- Start an online Alquerque session on http://omerkel.github.io/Alquerque/html5/src
- Android APK available for install https://github.com/OMerkel/Alquerque/releases/tag/release_0.1
- requires minimum Android 4.4.2 (API-19)
- Runs in various browsers on
- desktop systems like BSDs, Linux, Win, MacOS and
- mobile platforms like Android, FirefoxOS, iOS.
Alquerque - 2 player abstract strategic perfect information traditional board game with computer AI option.
Alquerque is a board game demonstrator with computer AI using Monte-Carlo Tree Search (MCTS) with UCB (Upper Confidence Bounds) applied to trees (UCT in short). Alquerque is a medieval Spanish board game closely influenced and originated from the Middle East also known there as the game called Quirkat, Qirkat, or El-Quirkat. Etymological studies by Arie van der Stoep seem to strengthen the thesis for evidence of Roman influences. Assumption is that the Arabic qirq or qirqa is borrowed from the Latin word calculus (meaning a pebble or stone piece). If your sources distinguish among various Alquerque game variants then the most likely name for the implemented game found here might be "Alquerque de doze". The oldest written description might be by Abu al-Faraj al-Isfahani in his works of Book of Songs ("Kitab al-Aghani"). Although the rules were not described in there. An medieval source mentioning rules is the Libro de los juegos affiliated to (or at least commissioned by) Alfonso X el Sabio of León and Castile. Robert Charles Bell came up with modern rule proposals and enhancements later on. This Alquerque implementation has minor rule refinements neither covered by Alfonso X nor Robert Charles Bell. Still the final rule set is close to the suggestions made by R.C. Bell.
This Alquerque is a board game using Monte-Carlo Tree Search (MCTS) with UCB (Upper Confidence Bounds) applied to trees (UCT in short) for the computer player AI. The board game is used for demonstration purposes of the UCT algorithm.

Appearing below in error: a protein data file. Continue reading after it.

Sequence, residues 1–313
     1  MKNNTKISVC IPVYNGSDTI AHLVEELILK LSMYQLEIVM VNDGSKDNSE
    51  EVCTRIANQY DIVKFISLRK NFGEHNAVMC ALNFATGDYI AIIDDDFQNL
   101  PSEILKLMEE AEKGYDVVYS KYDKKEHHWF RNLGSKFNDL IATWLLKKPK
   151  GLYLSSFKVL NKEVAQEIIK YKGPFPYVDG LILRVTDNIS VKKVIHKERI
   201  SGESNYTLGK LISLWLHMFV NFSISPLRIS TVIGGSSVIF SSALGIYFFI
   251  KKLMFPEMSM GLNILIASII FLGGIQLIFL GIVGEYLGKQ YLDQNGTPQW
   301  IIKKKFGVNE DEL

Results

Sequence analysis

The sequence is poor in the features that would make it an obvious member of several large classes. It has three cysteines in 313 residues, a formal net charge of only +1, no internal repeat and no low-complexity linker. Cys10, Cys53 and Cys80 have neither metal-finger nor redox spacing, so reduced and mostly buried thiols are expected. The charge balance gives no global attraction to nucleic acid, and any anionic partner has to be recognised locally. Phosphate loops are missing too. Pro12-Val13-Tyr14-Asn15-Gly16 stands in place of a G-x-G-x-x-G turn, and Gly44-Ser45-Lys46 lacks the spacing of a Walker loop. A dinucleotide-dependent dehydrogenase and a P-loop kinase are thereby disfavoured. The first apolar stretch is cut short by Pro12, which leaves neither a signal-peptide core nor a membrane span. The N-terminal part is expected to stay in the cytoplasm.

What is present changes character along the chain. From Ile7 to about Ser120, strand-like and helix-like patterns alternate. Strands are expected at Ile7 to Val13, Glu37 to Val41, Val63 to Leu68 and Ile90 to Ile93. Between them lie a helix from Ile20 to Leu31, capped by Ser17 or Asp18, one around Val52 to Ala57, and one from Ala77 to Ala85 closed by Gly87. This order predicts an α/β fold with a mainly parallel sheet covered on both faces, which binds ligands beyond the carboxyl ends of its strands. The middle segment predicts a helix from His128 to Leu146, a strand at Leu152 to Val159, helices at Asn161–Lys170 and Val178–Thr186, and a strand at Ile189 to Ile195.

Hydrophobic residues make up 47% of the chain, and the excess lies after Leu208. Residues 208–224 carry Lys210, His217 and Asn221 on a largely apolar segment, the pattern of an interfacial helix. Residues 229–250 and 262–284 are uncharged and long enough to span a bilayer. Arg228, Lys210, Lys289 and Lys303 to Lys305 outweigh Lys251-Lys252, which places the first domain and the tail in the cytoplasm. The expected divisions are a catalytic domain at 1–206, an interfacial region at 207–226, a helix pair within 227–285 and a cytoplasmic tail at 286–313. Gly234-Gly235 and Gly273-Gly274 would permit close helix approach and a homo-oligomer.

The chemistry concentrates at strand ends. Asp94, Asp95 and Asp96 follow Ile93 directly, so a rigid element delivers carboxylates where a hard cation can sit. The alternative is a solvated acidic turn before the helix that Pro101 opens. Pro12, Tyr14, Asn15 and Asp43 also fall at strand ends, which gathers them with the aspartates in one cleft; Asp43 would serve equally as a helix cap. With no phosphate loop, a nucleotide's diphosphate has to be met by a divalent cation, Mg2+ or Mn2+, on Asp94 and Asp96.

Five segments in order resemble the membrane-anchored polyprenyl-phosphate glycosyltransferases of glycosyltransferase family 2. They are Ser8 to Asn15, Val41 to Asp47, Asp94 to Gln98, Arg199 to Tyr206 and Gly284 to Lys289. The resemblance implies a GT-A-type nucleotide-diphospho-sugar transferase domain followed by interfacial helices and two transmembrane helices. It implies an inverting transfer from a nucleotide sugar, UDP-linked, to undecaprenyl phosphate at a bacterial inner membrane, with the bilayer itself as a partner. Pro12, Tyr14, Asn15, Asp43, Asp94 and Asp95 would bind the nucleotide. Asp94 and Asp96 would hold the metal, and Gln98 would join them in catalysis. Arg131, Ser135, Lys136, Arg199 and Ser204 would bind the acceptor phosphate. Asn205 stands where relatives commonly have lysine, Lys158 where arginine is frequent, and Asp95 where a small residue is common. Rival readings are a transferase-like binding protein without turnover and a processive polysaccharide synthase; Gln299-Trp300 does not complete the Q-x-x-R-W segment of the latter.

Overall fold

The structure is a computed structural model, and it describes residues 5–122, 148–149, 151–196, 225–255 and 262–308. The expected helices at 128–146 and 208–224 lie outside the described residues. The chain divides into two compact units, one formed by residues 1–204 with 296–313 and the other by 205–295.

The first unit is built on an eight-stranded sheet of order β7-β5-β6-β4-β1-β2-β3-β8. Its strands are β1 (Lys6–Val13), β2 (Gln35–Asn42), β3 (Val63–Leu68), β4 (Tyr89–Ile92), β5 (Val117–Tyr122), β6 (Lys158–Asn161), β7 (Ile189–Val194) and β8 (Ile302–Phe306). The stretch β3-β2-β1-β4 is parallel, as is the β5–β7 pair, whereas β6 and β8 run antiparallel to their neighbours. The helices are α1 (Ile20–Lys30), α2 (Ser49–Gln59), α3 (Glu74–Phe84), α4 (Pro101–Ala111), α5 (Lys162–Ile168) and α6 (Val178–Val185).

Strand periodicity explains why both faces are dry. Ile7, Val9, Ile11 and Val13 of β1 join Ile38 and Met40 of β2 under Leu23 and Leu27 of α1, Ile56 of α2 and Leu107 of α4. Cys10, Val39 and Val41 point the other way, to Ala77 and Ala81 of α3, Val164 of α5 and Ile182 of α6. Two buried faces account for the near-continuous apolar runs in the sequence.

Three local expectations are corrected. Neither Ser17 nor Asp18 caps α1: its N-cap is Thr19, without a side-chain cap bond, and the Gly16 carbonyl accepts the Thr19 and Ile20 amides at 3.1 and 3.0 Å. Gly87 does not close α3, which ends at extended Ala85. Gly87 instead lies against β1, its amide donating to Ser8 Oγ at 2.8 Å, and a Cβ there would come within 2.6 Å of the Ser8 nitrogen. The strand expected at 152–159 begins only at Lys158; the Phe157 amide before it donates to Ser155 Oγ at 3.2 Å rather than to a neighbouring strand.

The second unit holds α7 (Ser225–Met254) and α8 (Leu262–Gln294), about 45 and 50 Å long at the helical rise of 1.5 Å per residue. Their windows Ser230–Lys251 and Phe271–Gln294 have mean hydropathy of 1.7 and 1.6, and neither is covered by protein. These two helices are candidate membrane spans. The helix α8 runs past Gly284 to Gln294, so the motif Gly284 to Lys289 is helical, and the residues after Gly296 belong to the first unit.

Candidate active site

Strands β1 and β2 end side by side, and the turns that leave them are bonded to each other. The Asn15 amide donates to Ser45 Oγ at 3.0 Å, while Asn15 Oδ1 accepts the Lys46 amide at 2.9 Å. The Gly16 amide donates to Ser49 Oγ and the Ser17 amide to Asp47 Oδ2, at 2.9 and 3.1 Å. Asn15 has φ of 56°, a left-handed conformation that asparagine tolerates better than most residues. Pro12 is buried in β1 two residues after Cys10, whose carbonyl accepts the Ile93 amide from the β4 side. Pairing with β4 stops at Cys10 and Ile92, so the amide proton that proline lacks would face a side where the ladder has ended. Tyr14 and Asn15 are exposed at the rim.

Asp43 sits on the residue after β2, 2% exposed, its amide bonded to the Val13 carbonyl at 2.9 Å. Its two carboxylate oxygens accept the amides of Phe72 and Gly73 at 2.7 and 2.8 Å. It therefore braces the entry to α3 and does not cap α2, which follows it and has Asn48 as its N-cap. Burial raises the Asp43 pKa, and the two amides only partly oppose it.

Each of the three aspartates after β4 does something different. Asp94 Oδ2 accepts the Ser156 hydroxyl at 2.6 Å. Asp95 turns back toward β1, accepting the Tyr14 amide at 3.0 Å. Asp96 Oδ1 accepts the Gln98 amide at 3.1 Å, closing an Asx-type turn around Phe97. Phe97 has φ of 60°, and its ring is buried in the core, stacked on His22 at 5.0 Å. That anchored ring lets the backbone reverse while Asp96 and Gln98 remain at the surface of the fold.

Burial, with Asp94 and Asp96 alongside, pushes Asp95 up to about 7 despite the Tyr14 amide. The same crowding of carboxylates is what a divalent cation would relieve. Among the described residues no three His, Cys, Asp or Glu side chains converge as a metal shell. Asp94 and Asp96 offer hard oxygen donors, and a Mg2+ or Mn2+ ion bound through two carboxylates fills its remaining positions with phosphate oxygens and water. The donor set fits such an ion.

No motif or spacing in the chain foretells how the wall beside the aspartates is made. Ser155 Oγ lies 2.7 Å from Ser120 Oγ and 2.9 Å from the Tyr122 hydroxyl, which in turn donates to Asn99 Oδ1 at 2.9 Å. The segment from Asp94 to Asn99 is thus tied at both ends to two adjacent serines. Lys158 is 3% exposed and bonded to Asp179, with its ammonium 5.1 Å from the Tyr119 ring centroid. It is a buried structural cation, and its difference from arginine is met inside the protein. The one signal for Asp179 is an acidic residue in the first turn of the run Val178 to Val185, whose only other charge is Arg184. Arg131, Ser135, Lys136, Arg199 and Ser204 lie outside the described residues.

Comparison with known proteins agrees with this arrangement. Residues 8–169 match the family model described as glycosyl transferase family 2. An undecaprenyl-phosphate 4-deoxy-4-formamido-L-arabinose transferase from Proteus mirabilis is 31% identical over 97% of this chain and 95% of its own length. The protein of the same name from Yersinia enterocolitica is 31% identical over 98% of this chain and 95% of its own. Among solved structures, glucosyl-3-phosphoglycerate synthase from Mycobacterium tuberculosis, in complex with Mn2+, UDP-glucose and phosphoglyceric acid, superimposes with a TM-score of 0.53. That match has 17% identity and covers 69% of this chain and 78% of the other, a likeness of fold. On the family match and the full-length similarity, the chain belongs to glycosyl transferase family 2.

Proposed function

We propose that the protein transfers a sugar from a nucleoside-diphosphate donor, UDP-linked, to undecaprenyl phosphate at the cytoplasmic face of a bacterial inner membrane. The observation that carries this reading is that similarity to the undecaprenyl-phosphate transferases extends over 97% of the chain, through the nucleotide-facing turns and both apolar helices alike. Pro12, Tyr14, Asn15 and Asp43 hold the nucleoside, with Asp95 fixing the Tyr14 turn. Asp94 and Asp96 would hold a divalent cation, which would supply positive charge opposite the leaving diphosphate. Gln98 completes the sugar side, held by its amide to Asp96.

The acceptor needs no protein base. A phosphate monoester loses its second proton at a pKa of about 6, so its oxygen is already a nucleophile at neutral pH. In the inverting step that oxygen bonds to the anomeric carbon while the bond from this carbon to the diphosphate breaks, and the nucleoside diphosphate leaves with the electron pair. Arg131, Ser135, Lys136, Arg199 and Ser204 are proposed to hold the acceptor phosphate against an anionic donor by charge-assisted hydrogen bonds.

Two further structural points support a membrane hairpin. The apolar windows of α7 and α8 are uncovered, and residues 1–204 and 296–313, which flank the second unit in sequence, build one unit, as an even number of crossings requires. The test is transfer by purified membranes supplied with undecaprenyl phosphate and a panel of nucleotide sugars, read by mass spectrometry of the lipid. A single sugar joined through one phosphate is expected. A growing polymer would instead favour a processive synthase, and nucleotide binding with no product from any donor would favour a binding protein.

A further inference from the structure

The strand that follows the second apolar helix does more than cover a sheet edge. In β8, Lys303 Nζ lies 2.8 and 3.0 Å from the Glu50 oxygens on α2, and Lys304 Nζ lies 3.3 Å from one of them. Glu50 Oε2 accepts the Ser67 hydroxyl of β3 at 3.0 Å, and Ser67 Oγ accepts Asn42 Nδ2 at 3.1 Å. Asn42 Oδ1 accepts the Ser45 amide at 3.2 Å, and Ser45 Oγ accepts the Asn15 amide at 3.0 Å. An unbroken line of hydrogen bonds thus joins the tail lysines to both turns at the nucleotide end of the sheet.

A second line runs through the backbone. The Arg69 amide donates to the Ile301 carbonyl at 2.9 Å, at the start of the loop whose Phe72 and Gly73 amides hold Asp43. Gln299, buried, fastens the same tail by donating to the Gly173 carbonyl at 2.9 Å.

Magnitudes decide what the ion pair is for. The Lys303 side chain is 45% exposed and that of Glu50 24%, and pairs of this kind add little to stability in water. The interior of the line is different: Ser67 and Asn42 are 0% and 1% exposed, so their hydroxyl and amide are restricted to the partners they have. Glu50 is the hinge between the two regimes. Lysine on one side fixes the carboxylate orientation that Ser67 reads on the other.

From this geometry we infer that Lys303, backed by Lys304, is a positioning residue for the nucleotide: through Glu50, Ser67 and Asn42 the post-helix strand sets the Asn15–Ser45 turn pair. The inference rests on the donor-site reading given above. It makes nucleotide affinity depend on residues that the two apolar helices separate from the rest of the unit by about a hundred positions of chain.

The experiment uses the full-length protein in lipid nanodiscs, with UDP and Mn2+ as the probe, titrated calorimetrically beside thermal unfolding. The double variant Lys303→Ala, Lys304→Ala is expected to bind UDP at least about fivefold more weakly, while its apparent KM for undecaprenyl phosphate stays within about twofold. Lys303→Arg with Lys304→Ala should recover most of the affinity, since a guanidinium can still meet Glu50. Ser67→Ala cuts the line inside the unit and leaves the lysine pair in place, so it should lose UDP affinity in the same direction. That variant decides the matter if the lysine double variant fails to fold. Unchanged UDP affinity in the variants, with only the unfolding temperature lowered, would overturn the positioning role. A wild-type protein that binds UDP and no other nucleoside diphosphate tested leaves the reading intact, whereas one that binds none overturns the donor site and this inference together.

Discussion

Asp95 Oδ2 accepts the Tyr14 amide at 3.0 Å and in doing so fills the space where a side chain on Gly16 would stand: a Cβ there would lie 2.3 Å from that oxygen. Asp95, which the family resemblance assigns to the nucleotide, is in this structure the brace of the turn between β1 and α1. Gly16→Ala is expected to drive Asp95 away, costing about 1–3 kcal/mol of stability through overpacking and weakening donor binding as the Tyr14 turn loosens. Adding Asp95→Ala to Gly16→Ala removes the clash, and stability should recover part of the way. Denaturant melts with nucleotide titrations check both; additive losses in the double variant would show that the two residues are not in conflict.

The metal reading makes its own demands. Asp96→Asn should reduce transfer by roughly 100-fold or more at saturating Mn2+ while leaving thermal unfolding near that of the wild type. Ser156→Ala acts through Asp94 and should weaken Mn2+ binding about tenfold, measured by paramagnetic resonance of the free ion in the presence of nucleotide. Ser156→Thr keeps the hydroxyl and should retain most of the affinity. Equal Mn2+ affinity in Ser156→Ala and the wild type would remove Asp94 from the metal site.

There are different rules available for Alquerque de doze. The default rules as implemented here are as follows. Mind that some parts of the rules might be altered through selected options.
Alquerque is a board game. The rectangular Alquerque board has fixed dimension of 5 times 5 positions horizontally and vertically. Positions on board are connected by a fixed line pattern showing potential paths of movement for players’ checkers. The checkers are placed on the positions (or points) of line intersections in the line pattern. There are two opposing players: one is controlling the light checkers and the other is controlling the dark checkers.
The twelve light checkers are placed on all positions of rows 1 and 2, and positions d3 and e3 initially. Thus the row 1 is referred to as being the base row of the player controlling the light checkers. The twelve dark checkers are placed on all positions of rows 4 and 5, and positions a3 and b3 initially. Thus the row 5 is referred to as being the base row of the player controlling the dark checkers.
Alquerque is played alternating players’ turns. The player controlling light checkers moves first. A player either
- must capture opponent’s pieces if possible or
- must perform a normal non-capturing move otherwise.
Passing a turn is not allowed.
Movement of checkers is performed strictly along the lines of the board onto adjacent free positions.
A light checker can not move from it's position to positions on rows with lower numbers. A dark checker can not move from it's position to positions on rows with higher numbers. Thus neither a light nor a dark checker can move backwards in direction of the player's own base row.
A checker that reached the opponent's base row can not be moved any longer but only capture opponent's checkers if possible. Anyway the checker is allowed to perform non-capturing moves again, too, if after the capture it is not positioned on the opponent's base row any longer.